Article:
Summary: The U.S. Congress and both political parties have long recognized Jerusalem as Israel’s capital—and urged moving the American embassy there. Yesterday’s official recognition of this reality is a long-overdue step by the executive branch. In his announcement, President Trump reasserted his commitment to peace between Israelis and Palestinians. His action in no way precludes future negotiations over the city’s final status, borders, or the goal of two states for two peoples. The administration should quickly complete the necessary planning to move the U.S. embassy in Israel to Jerusalem.
Congress has long recognized Jerusalem as the capital of Israel.
- In 1990, the House of Representatives and Senate overwhelmingly adopted bipartisan resolutions (H.Con.Res. 290 and S.Con.Res. 106) that acknowledge Jerusalem “is and should remain the capital of the State of Israel.”
- In 1995, Congress overwhelmingly enacted the bipartisan Jerusalem Embassy Act to require the relocation of the U.S. embassy from Tel Aviv to Jerusalem, while permitting the president to waive this requirement if deemed necessary for U.S. national security. For the past 18 years, successive administrations have exercised this waiver.
- In 2002, Congress overwhelmingly adopted the FY 2003 Foreign Relations Authorization Act that requires all government-funded documents that list countries and their capital cities to identify Jerusalem as the capital of Israel.
- Congress has repeatedly reaffirmed its support for the Jerusalem Embassy Act. Most recently, the Senate in June 2017 overwhelmingly adopted S.Res. 176 which “reaffirms the Jerusalem Embassy Act of 1995…and calls upon the President and all United States officials to abide by its provisions.”
The Jewish connection to Jerusalem runs deep.
- For more than three millennia, the city has played a central role in the lives of Jews throughout the world. There are more than 800 mentions of Jerusalem in the Hebrew Bible, and thousands of references to the city throughout more than 2,000 years of rabbinic literature.
- One of Jerusalem’s hills was the setting for the famous biblical story in which the patriarch Abraham prepared to sacrifice his son Isaac. Hundreds of years later, after King David made Jerusalem Israel’s capital, his son Solomon built the first Jewish Temple there; today, this location is known as the Temple Mount.
- The Temple Mount remains Judaism's most sacred site, serving as the central focus of Jewish veneration and prayer; the Western Wall (Kotel) is the last remaining vestige of the outer wall of the Temple.
Recognizing Jerusalem as Israel’s capital conveys an important message.
- Recognition that Jerusalem is Israel's capital, along with initiating a process to move the U.S. embassy there, sends a strong message: America will not allow the Palestinians to hold U.S. policy hostage to their unwillingness to resume negotiations with Israel.
- Recognition is an important rejection of those in the international community, like UNESCO, who promote the anti-Semitic canard that denies the 3,000-year, continuous Jewish connection to its holiest city, Jerusalem.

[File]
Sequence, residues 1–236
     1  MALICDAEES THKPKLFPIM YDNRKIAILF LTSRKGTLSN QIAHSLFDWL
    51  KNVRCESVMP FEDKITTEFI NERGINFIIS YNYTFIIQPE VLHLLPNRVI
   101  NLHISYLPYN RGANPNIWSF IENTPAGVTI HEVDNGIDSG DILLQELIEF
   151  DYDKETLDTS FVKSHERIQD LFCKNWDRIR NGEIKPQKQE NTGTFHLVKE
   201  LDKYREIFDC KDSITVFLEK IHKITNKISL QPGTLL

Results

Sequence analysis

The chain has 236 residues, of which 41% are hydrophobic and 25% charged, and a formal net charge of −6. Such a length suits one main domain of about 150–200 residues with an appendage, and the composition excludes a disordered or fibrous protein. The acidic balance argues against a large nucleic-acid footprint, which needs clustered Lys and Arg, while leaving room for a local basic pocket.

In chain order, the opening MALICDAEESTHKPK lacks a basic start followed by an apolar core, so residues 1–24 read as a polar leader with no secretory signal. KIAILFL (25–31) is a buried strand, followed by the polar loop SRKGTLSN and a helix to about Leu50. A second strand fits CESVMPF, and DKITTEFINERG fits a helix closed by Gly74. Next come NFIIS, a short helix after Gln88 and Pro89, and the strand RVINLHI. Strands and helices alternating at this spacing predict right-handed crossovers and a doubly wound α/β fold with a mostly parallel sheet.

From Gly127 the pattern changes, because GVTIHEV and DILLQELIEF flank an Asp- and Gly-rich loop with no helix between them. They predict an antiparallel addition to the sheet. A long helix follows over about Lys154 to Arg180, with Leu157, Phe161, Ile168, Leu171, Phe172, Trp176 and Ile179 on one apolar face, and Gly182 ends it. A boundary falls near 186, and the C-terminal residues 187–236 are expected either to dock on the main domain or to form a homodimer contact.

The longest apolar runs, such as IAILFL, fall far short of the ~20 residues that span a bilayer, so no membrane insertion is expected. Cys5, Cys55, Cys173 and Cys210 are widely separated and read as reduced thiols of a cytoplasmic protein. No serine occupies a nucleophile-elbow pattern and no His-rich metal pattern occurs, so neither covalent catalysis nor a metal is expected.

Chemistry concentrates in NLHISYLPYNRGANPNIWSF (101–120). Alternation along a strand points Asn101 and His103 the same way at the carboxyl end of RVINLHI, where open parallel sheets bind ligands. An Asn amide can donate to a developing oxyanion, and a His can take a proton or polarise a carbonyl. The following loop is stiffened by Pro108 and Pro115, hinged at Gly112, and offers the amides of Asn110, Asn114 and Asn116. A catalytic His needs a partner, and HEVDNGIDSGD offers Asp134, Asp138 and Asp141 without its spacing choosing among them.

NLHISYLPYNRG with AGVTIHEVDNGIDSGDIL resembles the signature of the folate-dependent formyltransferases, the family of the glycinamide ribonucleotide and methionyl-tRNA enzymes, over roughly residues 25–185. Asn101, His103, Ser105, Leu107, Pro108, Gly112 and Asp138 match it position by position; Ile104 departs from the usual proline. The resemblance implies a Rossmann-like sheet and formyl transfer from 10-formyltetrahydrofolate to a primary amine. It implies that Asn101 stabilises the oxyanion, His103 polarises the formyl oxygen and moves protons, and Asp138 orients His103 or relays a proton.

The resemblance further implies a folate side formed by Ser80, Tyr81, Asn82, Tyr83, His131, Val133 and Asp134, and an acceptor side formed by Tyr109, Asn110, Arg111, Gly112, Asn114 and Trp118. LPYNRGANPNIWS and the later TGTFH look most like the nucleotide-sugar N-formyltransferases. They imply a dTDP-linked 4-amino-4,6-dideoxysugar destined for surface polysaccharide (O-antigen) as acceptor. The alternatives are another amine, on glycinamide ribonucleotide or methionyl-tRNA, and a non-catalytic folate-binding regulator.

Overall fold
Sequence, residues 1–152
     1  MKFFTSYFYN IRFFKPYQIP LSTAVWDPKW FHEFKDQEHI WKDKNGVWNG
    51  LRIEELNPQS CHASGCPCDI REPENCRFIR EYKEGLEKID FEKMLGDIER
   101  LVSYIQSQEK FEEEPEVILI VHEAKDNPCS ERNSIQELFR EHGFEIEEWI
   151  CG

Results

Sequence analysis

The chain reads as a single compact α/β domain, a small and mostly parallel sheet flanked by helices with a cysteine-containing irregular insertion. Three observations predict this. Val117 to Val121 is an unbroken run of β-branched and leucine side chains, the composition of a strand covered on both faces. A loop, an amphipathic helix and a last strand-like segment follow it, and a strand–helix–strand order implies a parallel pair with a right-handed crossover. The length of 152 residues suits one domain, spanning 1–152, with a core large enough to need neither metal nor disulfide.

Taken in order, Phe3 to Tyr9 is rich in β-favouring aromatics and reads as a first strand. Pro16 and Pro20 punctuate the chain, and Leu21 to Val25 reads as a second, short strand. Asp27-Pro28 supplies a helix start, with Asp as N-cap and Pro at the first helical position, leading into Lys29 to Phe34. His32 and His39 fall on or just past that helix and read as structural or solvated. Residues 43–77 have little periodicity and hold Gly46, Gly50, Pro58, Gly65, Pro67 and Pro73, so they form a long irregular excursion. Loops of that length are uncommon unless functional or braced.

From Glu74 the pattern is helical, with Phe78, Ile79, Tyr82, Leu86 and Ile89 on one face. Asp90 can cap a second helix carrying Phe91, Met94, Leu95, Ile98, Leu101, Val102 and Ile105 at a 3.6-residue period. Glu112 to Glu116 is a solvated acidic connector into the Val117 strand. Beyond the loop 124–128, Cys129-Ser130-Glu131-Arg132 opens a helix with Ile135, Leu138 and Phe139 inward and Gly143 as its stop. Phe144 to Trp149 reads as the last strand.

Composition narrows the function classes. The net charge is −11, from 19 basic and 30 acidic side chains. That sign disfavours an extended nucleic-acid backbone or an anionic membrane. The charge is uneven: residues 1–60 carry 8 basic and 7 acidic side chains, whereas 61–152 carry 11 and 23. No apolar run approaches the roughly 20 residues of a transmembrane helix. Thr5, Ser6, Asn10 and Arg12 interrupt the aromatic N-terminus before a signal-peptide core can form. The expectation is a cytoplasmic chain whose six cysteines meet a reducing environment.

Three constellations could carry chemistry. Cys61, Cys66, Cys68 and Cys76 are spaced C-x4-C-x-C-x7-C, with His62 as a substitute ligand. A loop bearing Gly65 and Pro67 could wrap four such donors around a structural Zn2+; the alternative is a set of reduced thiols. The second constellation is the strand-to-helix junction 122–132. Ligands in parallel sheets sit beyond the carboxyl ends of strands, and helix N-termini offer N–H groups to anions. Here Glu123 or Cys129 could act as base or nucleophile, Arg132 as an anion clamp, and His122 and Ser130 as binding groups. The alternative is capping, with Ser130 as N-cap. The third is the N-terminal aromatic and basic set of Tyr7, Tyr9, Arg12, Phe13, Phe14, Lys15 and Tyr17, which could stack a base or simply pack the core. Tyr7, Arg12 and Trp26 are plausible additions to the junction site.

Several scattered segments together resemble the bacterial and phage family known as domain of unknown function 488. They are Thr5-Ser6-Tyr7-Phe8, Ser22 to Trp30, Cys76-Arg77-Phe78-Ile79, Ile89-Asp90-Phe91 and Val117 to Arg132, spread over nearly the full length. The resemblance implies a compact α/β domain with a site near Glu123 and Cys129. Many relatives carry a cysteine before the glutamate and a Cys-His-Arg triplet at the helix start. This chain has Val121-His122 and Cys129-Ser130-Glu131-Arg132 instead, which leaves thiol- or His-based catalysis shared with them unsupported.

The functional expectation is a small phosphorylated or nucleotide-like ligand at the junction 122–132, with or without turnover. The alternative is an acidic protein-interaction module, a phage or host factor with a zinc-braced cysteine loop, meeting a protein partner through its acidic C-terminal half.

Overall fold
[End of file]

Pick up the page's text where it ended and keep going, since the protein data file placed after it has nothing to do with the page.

- Recognition does not preclude negotiations on the future of Jerusalem. Israelis and Palestinians agreed in the Oslo Accords that Jerusalem is a final-status issue. Recognition and relocating the U.S. embassy do not preclude future negotiations between the parties over the city’s final status and borders.
- The U.S. embassy in Jerusalem will likely be located in the portion of Jerusalem that has been in Israeli hands since 1948. All reasonable parties accept that this area will be part of Israel in any peace agreement. Such an embassy move should not be an obstacle to negotiations.
- Israel has consistently honored the Muslim connection to Jerusalem, taking Muslim sentiments into account at all times with respect to the holy places.
- While expressing its position on Jerusalem, the United States recognized that any agreement on the final status of Jerusalem must be reached directly by the parties.
- The United States has previously stated its views on other final-status issues—such as President Obama’s recognition of Israel as a Jewish state, President Clinton’s parameters, and the Bush-Sharon letter. At the same time, the United States has always indicated it would support a negotiated solution by the involved parties.
Israel maintains Jerusalem for the benefit of all faiths.
- In 1967, Israel reunified Jerusalem during the Six-Day War. When Jordan controlled Jerusalem’s Old City from 1948 to 1967, Jews of all nationalities were denied access to the city’s sacred sites.
- After 1967, Israel formally and legally removed all barriers and divisions within Jerusalem, reunited the city, and allowed free movement for Jews, Muslims and Christians.
- In a gesture of peace, Israel allowed Muslim religious authorities to retain administrative control over the Temple Mount—recognizing the religious significance of the site to Muslims.
- Today, Jerusalem is the vibrant, multicultural, undivided capital of Israel. Christians, Muslims and Jews from all over the world can visit their holy sites.